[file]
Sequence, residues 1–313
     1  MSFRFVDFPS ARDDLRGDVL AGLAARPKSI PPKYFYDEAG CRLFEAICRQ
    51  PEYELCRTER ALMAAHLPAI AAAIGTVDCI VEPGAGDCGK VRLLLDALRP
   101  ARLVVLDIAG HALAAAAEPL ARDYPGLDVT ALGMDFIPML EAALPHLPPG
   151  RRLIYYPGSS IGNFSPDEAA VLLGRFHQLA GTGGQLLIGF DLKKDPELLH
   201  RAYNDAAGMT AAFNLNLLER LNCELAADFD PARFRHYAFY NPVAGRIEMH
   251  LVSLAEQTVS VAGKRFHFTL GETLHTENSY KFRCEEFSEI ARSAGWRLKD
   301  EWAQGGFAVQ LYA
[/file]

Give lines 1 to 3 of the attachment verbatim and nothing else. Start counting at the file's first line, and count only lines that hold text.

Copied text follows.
Sequence, residues 1–313
     1  MSFRFVDFPS ARDDLRGDVL AGLAARPKSI PPKYFYDEAG CRLFEAICRQ
    51  PEYELCRTER ALMAAHLPAI AAAIGTVDCI VEPGAGDCGK VRLLLDALRP